1981: the year that Duran Duran, Depeche Mode, New Order, and R.E.M. all released their first singles. You can say 1981 was the year that New Wave/Alternative music had it’s coming out party, and I’ve been partying along ever since.
This past Sunday, I scratched “seeing Duran Duran in concert” off my bucket list. It was an awesome show and I’ve been hungry like the wolf ever since.
Now, if only The Smiths would get back together.
Moving on to this week’s supply chain and logistics news..
- Amazon gets patent for Pony Express-like drone delivery (USA Today)
- U.S. Considers Expanding Automated-Driving Technology Oversight (WSJ – sub. req’d)
- Goldman Sachs leads $10M investment in Brazilian trucking startup CargoX (TechCrunch)
- 3PL Central Acquires Traker Systems and Solidifies Leadership Position in Cloud WMS
- REZ-1 Acquires International Asset Systems
- MatchBack Systems New Features, Functionality and Branding
- Manhattan Associates Reports Record Second Quarter 2016 Performance
- Truckers Swift, Werner See Profits Slide on Pricing Pressure (WSJ – sub. req’d)
- ATA Truck Tonnage Index Fell 1.5% in June
- Cass Truckload Linehaul Index June 2016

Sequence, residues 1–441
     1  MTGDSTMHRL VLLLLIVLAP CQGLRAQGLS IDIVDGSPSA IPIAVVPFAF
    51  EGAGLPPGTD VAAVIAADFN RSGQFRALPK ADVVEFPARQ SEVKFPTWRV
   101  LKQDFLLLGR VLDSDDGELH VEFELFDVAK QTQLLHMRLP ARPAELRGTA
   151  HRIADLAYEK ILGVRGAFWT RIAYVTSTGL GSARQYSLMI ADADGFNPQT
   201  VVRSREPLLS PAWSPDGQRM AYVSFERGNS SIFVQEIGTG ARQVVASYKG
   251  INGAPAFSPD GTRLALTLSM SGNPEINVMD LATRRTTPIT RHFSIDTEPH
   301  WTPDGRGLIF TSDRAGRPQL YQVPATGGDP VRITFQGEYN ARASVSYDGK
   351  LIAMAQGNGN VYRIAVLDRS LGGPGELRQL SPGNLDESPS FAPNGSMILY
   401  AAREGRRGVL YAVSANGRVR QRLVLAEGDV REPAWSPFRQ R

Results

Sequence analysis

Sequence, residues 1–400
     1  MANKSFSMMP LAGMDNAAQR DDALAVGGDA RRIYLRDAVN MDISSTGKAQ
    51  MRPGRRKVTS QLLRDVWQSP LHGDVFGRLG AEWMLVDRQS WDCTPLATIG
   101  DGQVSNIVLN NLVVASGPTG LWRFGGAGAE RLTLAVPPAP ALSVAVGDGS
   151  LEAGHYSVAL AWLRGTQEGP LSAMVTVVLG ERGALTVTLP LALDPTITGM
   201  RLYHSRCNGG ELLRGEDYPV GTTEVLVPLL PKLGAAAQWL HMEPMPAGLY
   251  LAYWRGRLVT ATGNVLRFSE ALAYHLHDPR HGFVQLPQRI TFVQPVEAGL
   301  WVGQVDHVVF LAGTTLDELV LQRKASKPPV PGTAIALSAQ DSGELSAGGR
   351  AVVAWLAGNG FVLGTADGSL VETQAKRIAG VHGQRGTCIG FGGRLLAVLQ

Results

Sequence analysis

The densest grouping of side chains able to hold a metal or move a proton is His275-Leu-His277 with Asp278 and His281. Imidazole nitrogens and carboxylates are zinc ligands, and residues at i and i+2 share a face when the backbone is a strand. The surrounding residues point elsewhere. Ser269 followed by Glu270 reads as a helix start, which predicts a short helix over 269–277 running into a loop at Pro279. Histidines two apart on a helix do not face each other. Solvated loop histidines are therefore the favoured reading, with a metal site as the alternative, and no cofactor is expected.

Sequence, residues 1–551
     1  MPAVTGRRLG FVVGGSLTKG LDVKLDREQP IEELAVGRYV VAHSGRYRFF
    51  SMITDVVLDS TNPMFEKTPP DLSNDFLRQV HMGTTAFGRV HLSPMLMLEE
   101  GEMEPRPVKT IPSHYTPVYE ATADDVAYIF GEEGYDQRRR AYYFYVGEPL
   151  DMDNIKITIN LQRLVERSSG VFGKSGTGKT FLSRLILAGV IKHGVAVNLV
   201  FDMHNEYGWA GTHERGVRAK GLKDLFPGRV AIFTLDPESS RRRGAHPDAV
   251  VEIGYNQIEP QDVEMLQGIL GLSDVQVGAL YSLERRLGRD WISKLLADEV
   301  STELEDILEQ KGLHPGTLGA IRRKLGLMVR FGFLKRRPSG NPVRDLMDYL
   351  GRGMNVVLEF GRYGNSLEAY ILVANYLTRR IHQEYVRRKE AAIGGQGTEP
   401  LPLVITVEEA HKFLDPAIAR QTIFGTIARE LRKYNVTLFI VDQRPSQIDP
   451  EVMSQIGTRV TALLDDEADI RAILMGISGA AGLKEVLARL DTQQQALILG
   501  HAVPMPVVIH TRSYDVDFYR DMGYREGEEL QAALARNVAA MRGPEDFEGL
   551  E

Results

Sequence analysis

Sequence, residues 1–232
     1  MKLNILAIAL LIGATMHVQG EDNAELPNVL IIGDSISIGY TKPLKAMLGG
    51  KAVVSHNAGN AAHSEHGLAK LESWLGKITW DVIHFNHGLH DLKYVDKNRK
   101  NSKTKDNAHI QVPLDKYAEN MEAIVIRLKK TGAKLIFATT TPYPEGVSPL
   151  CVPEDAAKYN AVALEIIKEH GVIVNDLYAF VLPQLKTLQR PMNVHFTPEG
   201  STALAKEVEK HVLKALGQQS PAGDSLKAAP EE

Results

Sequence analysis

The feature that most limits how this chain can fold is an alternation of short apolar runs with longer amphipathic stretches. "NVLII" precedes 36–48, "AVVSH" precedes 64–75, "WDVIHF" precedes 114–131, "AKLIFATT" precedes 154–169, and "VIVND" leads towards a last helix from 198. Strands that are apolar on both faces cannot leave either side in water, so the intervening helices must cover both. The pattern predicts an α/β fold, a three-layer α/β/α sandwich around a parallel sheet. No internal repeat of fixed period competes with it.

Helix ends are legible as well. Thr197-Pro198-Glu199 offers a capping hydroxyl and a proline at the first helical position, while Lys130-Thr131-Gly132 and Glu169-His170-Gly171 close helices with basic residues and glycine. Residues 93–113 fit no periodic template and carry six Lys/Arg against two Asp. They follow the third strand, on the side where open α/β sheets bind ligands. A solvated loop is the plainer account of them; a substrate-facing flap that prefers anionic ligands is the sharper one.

You have to give Amazon credit: the company kicked off all the hype and discussion about drone delivery more than 2.5 years ago with a segment on 60 Minutes right before the Christmas holidays, and it continues to push the envelope with its vision. Amazon was issued a patent for a “Multi-use unmanned aerial vehicle docking station system,” which as summarized in a USA Today article:
Instead of flying all the way to the customer’s home, the drones would instead wing their way towards the final destination but then stop at the nearest docking station along that path as they get low on charge.
These docking stations will be able to accommodate multiple drones and be located high up and out of the way on cell towers, light and power poles, church steeples, office buildings, parking decks and other vertical structures. They could also come with solar panels so they generate their own power.
There, a drone might tether itself down to flash charge and get the latest weather report and network update before continuing on. The package could also be handed off to a fully-charged drone that would would fly it a little closer to its final destination, performing the same hand-off in leaps of several miles, just as Pony Express riders at stations along the east-west route handed off mail and packages to a fresh rider and horse so there was no down time along the way.
The most interesting part of the patent description, however, is this section: